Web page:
How have the local people welcomed you into their communities?
We have been welcomed by many of our local people, by sharing in their lives. Our desire is to show God’s love, by teaching our friends to become disciples of Jesus, and have a “servant heart”, instead of a “you give me attitude”. We try to show this by example, with our workmen and those God brings across our path, that we are privileged to help in practical ways.
What was your scariest moment and how did God use this in your life?
The scariest moment would have to be when we first came to Northern Uganda in 1998, and the L.R.A. (Lord’s Resistance Army) were still very active. On about our fifth night in Kitgum we experienced (for the first time) mortar shells flying over our room, and the Ugandan Army returning fire. Then a flare went up and lit up the sky. We admit we were very afraid. We learned that 18 children and adults we abducted during that night. The next morning, God brought to us Scriptures that encouraged us, and showed clearly that He was watching over us. Psalm 91 became a very necessary passage for us to hold onto and live by.
What advice would you give someone who is praying through God’s call to the mission field?
Get the training and skills you need, to be of service in the community He is calling you. It is a good idea if possible, to visit the place (on a short term trip), before you intend going “long term”.
Cornerstone Foundation (Australia) Inc. web-site is: www.cornerstonefoundation.org.au
A little about us (Founders of CFA):
We were both born and raised in South Australia in Christian homes. Wayne committed his life to the Lord at the age of 20 and taught Christian Endeavour. I (Bev) gave my heart to Jesus at the age of 14, and later taught in Sunday School. We were married in 1971 and have two adult children. We also have 5 grand-children.
Wayne trained as a Fitter and Turner / Tool-maker in the motor industry, then after further studies, worked in Production Engineering as a draftsman / tool designer, before entering Teachers College and becoming a Technical Studies teacher. He taught on the west coast of South Australia for 14 years, before we were called to Uganda. We fostered several children over quite a number of years. Keith, who is intellectually disabled, is a very special young man who we were privileged to foster from the age of two.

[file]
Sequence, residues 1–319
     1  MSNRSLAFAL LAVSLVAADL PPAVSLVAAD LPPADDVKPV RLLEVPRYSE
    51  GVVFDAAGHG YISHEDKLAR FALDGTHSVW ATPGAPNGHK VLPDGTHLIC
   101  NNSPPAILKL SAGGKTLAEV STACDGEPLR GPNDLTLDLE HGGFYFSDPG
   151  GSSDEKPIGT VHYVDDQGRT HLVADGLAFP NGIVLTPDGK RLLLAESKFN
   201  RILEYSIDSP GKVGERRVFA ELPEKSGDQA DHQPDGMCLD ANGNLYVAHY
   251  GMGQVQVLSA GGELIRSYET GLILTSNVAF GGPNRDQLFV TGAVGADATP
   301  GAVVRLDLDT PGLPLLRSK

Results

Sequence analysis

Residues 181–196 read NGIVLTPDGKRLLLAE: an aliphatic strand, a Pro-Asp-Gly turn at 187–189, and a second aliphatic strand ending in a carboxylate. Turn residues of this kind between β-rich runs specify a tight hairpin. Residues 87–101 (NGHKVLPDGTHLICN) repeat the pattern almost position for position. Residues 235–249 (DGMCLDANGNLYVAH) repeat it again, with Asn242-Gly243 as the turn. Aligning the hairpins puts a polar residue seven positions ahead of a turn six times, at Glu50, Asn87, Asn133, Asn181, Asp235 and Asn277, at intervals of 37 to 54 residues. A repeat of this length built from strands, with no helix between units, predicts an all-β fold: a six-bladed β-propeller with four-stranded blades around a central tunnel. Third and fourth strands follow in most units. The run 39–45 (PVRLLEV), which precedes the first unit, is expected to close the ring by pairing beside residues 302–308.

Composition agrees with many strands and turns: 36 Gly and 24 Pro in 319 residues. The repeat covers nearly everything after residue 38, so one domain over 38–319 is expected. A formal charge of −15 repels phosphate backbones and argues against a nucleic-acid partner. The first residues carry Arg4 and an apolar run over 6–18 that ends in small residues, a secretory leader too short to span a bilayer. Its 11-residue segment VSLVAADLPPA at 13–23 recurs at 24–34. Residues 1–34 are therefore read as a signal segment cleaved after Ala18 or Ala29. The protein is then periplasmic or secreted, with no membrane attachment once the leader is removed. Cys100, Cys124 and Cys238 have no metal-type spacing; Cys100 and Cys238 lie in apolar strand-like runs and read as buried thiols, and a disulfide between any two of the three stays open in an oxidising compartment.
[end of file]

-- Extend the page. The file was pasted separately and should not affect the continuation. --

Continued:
When God called us to Uganda, HE arranged for our daughter, (who was single at the time), to take over the role of foster parent. Subsequently, after her marriage, she still cares for Keith who remains a very real member of her family. They now have 3 children who all love Keith as a brother.
Our son is a Registered Nurse and has 2 daughters. Both of our children live in suburbs of Adelaide, the capital city of South Australia.
Our “home church” is Birdwood United Church in the Adelaide Hills, where we were members before being “sent” to Uganda. We have 5 Board Members within Australia, who help with administration and fund raising for Cornerstone Foundation. We send a quarterly Newsletter to around 250 people, some who are regular supporters, and others who just like to read about what we are doing in Uganda.
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Hi, my name is Erica and I am a God-called missionary for Northern Uganda. It is my passion and life-calling to bring God’s word to the people of the world. Each and every one of us can do our part in spreading God’s word to people in need of Jesus’ healing touch and hope. Trying to figure out if God has called you to the mission field? Do you want to learn more about what it’s like to be a missionary? Check out my book, For the Joy Set Before Us – Insights Into the Missionary Journey today.